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AMD Ryzen

AMD Zen Ryzen

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#41
Bokishi

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Intel price cut incoming



#42
teknoman2

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XyyFeZp.jpg

in the few cases it is behind its under 1.5% and it can be attributed to the slower RAM



#43
kirottu

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I'm starting to feel the hype and it feels, oh, so good.



#44
Sarex

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I've been talking with some people from work and they seem to think that if Ryzen turns out to be what people think it will be, Intel is gutted in desktop CPU department for the foreseeable future. According to the info I got from them, Intel has been focusing all of their R&D on the mobile platform, their Desktop architecture has remained largely unchanged and they have simply been brute forcing it so far, so if Ryzen turns out to be legit, that simply won't cut it anymore.

 

Even on the server front AMD has CPUs based on the Ryzen architecture, with more cores then their Intel counterpart, coming up. So it's going to be very interesting to see how/if Intel turns this around.



#45
Zoraptor

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I doubt that Intel will be gutted, they're too big and have a large war chest with plenty of scope for price cutting to induce competitiveness. Same as nobody got fired for buying IBM nobody will get fired for buying Intel and their brand recognition is very high, as are their contacts/ PR. They'll definitely lose a lot of the highish end workstation and enthusiast/ gaming market though, and both pretty quickly*; and their days of price gouging are over which will hurt their bottom line a lot. Casual retail and a lot of beige box corporate stuff will probably stay staunchly Intel though. End of the day, AMD had some solid years with superior processors in the 2000s, and didn't really get rewarded for it then.

 

If AMD can get a killer laptop chip out there for cheap Intel may be in real trouble though, their i5/i7 (2 core i7? hmm) branding there is terrible and a low draw Ryzen based APU even with 460 level graphics would be trouble. That's still months off though, assuming they'd use R3s as the base.

 

Peripheral, but Vega press conference today as well.

 

*We're already getting shops trying to unload Broadwell-E quickly here- got an email last night for 68__X systems with a $400 price cut- as that platform looks near dead at current price point.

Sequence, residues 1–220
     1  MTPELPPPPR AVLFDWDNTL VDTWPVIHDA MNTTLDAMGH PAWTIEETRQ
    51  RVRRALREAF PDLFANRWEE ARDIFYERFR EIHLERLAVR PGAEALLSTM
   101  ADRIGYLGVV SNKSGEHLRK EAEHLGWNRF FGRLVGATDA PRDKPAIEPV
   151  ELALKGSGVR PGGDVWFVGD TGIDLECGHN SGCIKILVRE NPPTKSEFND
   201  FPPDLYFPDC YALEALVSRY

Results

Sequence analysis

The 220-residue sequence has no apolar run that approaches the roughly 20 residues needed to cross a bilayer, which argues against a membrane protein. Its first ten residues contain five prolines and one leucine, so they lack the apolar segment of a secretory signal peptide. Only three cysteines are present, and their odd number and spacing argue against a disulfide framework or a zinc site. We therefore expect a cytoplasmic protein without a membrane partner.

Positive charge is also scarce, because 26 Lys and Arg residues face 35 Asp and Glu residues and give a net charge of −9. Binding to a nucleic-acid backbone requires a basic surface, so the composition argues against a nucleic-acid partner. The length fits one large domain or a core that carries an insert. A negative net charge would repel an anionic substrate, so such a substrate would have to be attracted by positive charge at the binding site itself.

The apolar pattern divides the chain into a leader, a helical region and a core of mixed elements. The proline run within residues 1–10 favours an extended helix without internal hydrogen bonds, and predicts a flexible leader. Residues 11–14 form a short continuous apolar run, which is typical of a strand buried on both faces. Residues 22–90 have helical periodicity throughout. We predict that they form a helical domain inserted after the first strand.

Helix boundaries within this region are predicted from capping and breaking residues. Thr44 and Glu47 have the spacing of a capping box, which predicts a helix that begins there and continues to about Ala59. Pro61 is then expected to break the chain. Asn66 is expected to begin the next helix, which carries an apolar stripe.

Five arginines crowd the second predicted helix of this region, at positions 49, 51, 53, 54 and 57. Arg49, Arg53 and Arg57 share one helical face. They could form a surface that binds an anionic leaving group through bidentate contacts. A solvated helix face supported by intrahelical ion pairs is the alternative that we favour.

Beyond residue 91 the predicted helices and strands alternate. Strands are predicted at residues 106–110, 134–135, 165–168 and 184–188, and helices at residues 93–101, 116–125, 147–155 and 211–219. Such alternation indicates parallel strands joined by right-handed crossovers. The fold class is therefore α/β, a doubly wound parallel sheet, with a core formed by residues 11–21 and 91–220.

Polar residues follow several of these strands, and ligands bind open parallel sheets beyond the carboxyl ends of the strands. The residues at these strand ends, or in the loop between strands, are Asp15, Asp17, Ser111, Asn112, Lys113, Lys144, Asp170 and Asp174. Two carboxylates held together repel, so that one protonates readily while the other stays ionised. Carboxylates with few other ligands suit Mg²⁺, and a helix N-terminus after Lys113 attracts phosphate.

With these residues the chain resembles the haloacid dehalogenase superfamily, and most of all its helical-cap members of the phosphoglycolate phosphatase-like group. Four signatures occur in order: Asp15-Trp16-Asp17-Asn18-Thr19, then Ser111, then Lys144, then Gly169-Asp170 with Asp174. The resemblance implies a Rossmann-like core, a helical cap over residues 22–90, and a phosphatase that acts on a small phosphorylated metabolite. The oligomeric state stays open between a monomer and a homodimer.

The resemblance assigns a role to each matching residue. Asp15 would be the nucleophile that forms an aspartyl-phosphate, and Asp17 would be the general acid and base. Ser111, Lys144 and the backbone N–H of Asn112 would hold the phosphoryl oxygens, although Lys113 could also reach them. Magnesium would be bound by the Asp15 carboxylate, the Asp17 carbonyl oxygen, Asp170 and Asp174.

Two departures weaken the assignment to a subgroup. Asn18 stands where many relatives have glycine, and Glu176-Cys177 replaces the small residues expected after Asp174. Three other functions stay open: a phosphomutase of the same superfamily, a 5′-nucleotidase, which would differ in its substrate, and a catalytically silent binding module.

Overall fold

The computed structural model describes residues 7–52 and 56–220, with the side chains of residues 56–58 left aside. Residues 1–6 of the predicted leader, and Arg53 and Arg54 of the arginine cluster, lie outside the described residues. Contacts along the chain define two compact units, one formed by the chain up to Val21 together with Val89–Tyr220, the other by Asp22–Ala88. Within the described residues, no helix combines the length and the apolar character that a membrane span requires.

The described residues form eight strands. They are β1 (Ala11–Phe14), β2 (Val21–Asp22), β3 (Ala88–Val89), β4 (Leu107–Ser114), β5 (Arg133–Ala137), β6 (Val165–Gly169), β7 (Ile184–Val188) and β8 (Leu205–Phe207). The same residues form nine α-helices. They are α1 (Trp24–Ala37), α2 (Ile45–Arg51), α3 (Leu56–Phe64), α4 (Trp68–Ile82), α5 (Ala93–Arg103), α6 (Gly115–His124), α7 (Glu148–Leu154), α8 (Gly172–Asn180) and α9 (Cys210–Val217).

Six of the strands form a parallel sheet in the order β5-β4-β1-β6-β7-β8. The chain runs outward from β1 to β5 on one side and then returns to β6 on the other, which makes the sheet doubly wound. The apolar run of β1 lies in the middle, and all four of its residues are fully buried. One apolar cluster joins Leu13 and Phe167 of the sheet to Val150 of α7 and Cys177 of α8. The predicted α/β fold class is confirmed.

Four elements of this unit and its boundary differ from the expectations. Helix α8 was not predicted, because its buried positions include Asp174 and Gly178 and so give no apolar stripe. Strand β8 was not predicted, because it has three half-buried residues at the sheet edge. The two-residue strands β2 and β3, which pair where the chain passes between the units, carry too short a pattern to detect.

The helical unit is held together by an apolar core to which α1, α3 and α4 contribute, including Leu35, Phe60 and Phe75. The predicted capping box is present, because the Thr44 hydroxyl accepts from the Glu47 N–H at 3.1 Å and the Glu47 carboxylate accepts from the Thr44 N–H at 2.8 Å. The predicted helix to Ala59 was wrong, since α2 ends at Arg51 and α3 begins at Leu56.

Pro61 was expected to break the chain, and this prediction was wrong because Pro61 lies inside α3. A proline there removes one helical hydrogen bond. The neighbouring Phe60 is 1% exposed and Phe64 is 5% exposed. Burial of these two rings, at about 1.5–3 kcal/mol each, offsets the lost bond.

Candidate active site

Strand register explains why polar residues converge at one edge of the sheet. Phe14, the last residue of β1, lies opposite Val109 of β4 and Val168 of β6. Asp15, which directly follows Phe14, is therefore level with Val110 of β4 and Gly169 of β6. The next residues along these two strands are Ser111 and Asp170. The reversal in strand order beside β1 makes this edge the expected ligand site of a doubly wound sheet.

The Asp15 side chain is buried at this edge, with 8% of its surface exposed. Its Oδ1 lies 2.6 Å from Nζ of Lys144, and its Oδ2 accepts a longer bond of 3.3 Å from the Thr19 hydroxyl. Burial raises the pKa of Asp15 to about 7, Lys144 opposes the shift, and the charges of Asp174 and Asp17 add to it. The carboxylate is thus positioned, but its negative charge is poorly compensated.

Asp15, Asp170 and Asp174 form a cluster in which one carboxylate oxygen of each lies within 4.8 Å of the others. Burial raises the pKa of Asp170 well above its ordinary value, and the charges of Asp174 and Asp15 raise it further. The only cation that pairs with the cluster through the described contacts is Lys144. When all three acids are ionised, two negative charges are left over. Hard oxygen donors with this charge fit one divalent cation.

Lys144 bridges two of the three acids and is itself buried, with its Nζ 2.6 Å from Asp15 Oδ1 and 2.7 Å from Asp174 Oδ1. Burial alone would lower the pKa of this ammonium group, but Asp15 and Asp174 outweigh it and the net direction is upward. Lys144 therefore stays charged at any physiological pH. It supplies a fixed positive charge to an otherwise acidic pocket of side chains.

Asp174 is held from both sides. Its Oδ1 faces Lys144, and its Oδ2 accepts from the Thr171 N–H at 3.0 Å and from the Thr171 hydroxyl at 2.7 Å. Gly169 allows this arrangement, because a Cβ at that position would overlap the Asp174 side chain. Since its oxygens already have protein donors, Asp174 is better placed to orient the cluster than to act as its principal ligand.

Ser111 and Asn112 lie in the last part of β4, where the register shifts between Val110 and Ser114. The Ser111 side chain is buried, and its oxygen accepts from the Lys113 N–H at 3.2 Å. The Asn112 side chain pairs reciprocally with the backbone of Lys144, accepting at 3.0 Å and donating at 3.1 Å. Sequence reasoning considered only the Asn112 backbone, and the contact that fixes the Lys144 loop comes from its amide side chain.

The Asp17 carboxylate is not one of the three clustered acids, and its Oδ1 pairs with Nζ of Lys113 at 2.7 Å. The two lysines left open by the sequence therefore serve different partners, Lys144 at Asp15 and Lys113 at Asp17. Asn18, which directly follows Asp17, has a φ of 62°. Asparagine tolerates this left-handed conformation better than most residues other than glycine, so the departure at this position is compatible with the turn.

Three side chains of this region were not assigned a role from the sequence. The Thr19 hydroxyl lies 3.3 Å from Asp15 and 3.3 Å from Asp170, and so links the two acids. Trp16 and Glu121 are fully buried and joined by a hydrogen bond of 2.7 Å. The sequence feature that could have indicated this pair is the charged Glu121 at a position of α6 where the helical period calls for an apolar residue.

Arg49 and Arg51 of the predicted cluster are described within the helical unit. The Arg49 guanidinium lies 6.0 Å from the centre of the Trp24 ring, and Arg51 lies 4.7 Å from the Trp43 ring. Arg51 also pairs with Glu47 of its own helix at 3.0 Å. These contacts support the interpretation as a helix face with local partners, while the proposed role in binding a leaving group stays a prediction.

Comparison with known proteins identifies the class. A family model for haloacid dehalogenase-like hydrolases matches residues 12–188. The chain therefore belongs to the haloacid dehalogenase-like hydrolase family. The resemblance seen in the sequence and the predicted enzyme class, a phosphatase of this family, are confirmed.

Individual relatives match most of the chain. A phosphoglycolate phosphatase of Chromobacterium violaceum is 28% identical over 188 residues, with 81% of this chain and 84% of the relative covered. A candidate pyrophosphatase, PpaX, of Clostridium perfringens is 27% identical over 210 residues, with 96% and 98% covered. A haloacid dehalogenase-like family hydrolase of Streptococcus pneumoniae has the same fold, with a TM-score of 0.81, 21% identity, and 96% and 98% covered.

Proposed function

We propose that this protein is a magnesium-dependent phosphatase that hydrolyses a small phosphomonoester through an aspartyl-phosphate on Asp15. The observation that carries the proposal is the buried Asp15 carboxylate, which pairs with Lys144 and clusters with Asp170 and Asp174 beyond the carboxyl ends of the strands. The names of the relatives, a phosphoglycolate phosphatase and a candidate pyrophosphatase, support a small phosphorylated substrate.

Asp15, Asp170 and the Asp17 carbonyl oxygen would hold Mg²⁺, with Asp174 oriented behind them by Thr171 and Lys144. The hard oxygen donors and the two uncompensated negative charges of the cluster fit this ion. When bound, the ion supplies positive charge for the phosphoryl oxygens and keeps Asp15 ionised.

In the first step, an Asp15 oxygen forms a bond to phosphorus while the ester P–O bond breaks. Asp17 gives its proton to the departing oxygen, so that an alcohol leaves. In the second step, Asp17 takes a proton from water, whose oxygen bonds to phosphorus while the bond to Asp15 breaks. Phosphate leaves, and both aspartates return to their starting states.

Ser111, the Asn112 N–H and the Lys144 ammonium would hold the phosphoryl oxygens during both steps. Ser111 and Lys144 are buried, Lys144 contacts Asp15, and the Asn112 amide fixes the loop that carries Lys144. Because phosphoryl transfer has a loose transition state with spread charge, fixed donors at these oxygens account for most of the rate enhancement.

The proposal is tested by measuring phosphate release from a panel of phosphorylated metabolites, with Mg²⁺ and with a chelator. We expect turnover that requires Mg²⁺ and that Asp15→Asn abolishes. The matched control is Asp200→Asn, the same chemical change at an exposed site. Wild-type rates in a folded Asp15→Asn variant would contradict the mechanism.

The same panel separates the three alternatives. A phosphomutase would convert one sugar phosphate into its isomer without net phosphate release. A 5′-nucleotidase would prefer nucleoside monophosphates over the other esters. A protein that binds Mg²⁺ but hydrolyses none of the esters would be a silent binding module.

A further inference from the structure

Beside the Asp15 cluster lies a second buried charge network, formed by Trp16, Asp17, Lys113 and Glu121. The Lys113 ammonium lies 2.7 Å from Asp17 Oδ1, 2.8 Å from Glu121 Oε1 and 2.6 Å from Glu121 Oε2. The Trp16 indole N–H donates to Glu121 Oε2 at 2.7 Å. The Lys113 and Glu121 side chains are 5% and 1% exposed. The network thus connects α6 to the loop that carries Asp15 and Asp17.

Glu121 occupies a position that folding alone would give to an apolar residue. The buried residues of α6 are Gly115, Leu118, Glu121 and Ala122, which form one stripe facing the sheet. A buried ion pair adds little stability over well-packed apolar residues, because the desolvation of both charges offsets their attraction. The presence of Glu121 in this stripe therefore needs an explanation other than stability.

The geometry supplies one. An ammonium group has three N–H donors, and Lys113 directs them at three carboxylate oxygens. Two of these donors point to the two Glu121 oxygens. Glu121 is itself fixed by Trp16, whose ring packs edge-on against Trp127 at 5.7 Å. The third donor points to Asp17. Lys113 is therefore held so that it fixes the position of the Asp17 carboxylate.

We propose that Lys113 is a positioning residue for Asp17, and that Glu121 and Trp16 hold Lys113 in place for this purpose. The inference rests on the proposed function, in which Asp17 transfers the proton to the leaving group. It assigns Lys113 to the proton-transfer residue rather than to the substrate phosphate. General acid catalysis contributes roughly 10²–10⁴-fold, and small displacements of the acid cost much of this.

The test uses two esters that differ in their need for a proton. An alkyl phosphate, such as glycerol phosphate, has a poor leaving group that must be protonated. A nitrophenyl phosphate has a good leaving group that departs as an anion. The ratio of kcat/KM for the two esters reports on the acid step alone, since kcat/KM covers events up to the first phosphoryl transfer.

#46
Sarex

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Well a gut wound does necessarily kill. :p Either way, the lack of a new architecture (for years now) will certainly hurt Intel and prevent them from recovering lost ground any time soon.

 

It would funny, in a tragic kind of way, if all this hype turned out to be false. I doubt it though.



#47
Keyrock

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I've been talking with some people from work and they seem to think that if Ryzen turns out to be what people think it will be, Intel is gutted in desktop CPU department for the foreseeable future. According to the info I got from them, Intel has been focusing all of their R&D on the mobile platform, their Desktop architecture has remained largely unchanged and they have simply been brute forcing it so far, so if Ryzen turns out to be legit, that simply won't cut it anymore.

 

That sounds ominously familiar...  let me think...  Ah yes, the Pentium 4 toasters, back when Intel was all about clock speed and were mostly marketing and selling their chips on having the highest clock speed, because "look higher number!".  Meanwhile AMD was investing into new and different ways of increasing IPC and their slightly lower clock speed and slightly lower price processors were going toe to toe with Intel's higher clock speed higher price processors.  Intel had visions of 5 and 6 GHz...  then they hit the 4 GHz thermal brick wall and, unable to keep ramping up clock speeds because their Pentium 4s were space heaters, they got left in the dust, performance wise, until they went back to the drawing board.  Of course Intel still outsold AMD during that time simply because they had the Intel name, they used shifty marketing, and a lot of people weren't smart enough to buy the better and cheaper product.


Edited by Keyrock, 28 February 2017 - 05:40 PM.

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#48
AwesomeOcelot

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Intel has the the CPUs that can beat Ryzen, they just have to cut prices to compete. Intel did stop pushing desktop performance for years and AMD haven't caught up with Ryzen apart from overtaking them in parallelism, it's a bit disappointing. Intel have the capacity to increase cores and threads, they have been very slow to do so because they had no competition, did not want to compete with enterprise, and the market is not growing for desktop. AMD is in a good position because Intel could take over a year to respond, AMD could own the desktop giving it the marketshare it needs for software to support their features and standards. I haven't considered buying an AMD CPU since 2004 when I bought one of the first AMD64 CPU.

#49
Ganrich

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Intel would have to remove their IGPs in order to make room for more cores on their chips. They can't just slap more cores on an architecture without removing things. They could have had separate skews for apus and cpus a long time ago, but that wouldnt let them price gouge people nearly as well.